Entering for Feedback

Most contests offer some sort of feedback – the question is how much. Some offer written critiques, some offer score sheets with comments, some offer comments written on the manuscripts, and some offer a combination of these. And still others don’t offer anything other than a score. If feedback is your reason for entering, make sure you investigate the nature of the feedback the contest provides.

Check with past entrants to see what sort of feedback they received. Survey a minimum of five entrants to get a balanced view of the quality of the judging. Ask to see the score sheet – does it offer detailed information that would be helpful, or is it very generic?

The contest rules generally describe the judges – some have no specific qualifications, some require experienced critiquers, while others use only published authors, or only published authors in a higher round. Increasingly, judges trained in a specific RWA-related program are available. I have gotten good advice from both published and non-published authors, so this has never been a concern to me. However, many people believe that published authors have a more realistic view of the writing level needed to publish. Others are simply more inclined to accept advice from writers who are more experienced than they. If having published authors as judges is important to you, be sure to check the rules, and enter only contests fitting the bill.

Entering to Bypass the Slush Pile

If the contest offers an editor final judge, finalists get their work in front of the editor in a specific time frame. Countless entrants have received requests for complete manuscripts as a result finaling in a contest. An entrant with this goal in mind should check the identity of the final judge. Listings in the RWR may note that final judges will be editors, without giving names. Often, this is because no final selection has been made by the deadline for the RWR. So before you enter, check the website or contact the coordinator. If the house, or even better, the editor, is one you want to read your work, great. But if you are targeting Harlequin Blaze, and the final editor is from Kensington – or vice versa - the contest won’t satisfy your goals.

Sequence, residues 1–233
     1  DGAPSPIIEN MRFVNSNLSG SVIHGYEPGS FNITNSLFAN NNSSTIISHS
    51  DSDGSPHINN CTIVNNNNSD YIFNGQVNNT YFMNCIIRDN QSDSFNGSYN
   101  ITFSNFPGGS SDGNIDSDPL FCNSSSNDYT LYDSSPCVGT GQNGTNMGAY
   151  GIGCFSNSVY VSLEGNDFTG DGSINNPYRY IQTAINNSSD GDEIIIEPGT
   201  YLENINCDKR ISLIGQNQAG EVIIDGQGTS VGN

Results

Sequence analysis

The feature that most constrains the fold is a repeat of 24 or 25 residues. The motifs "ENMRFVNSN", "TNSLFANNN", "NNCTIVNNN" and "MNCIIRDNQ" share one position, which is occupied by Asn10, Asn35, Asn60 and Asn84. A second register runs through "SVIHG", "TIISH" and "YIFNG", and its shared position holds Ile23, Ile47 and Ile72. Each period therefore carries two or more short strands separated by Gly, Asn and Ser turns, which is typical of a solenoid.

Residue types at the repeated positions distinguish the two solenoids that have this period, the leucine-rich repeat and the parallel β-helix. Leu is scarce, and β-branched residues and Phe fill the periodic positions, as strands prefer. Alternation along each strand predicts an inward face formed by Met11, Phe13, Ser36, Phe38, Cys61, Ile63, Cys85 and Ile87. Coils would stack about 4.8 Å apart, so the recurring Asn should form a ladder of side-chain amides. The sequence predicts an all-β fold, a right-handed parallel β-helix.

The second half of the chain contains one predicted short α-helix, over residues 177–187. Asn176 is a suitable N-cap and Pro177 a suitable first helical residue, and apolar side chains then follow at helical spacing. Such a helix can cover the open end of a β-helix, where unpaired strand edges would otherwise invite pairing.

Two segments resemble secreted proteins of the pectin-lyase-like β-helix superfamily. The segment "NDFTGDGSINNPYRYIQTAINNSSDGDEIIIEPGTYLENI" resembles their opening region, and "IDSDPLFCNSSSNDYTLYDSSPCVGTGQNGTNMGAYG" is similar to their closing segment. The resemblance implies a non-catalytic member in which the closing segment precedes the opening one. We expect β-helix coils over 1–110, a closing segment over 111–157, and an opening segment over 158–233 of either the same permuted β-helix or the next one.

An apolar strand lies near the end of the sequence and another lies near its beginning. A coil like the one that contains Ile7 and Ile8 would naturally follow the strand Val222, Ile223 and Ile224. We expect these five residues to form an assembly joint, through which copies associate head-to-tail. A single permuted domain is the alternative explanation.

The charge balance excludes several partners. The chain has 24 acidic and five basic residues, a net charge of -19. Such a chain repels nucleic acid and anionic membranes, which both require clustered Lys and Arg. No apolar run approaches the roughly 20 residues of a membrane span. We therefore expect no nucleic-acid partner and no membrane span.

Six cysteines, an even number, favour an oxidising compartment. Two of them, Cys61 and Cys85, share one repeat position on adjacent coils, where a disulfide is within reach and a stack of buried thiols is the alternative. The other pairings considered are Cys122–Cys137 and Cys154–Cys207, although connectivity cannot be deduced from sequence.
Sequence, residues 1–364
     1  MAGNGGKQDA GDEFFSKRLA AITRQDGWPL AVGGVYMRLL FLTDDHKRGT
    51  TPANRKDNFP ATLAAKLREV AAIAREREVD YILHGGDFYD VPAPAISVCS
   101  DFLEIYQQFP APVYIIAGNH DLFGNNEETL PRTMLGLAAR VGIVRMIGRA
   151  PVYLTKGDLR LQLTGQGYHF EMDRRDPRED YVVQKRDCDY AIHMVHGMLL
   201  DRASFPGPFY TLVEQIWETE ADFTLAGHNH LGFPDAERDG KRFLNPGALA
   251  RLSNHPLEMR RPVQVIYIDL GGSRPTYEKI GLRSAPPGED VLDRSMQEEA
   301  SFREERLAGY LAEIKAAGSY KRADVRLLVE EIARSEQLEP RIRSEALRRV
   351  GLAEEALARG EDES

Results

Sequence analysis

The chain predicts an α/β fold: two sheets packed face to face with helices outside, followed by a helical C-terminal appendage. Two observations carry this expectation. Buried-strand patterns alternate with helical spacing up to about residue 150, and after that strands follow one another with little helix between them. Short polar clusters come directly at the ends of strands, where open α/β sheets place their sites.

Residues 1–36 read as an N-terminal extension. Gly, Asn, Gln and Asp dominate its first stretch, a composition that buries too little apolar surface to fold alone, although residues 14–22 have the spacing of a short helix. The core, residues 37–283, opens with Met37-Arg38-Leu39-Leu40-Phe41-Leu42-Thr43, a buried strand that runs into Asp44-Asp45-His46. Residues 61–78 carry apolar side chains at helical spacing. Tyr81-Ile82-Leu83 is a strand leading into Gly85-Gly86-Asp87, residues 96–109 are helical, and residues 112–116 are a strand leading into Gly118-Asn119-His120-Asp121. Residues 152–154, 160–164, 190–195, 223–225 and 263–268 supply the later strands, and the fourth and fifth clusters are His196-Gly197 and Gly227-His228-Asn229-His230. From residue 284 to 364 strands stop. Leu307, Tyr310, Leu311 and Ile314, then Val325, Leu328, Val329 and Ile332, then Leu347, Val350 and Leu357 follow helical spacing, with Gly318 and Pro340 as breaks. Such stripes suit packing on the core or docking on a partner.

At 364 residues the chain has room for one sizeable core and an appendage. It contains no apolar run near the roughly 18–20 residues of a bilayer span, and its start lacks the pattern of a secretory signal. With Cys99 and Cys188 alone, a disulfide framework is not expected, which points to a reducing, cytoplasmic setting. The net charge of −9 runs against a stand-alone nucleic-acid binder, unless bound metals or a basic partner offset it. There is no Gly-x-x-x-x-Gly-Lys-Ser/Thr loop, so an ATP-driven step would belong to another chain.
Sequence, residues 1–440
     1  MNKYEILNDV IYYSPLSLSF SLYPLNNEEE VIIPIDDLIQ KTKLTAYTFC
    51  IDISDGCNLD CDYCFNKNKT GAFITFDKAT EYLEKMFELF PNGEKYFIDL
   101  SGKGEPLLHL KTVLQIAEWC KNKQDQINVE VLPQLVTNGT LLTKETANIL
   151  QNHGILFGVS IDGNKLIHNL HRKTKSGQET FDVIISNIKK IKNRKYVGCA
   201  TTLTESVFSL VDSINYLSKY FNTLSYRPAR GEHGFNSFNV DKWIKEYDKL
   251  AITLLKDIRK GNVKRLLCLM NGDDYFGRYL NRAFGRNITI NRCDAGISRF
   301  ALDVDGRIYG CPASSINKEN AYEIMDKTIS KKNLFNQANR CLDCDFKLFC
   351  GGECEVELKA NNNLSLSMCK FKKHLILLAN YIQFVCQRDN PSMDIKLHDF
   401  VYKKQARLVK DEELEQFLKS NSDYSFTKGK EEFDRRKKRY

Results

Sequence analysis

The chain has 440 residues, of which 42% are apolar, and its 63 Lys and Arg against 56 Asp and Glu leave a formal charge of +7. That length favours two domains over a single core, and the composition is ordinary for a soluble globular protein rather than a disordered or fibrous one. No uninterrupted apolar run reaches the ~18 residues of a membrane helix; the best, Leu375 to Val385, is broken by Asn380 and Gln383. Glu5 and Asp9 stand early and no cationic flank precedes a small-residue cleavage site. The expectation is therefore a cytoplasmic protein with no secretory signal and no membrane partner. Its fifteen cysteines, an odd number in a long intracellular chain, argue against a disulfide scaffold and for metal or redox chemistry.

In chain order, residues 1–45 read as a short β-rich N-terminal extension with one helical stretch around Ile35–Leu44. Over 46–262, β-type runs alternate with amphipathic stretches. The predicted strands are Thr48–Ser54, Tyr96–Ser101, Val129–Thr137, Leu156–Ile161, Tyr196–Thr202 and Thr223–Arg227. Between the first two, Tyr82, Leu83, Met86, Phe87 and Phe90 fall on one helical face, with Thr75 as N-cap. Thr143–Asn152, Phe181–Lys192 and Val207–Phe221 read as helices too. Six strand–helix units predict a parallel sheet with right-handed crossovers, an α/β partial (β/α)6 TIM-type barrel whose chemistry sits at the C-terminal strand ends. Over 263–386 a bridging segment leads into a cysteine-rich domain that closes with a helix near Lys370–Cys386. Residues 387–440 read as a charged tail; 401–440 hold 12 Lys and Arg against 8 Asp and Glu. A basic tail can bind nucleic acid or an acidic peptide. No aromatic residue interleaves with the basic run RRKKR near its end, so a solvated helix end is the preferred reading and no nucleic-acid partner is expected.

Know Your Manuscript

The very nature of some contests eliminates the likelihood of certain types of manuscripts doing well. Sometimes, this is obvious. Contests devoted to romantic suspense, for example, probably receive few entries without some sort of crime or mystery, but if they did, such entries are unlikely to fare well.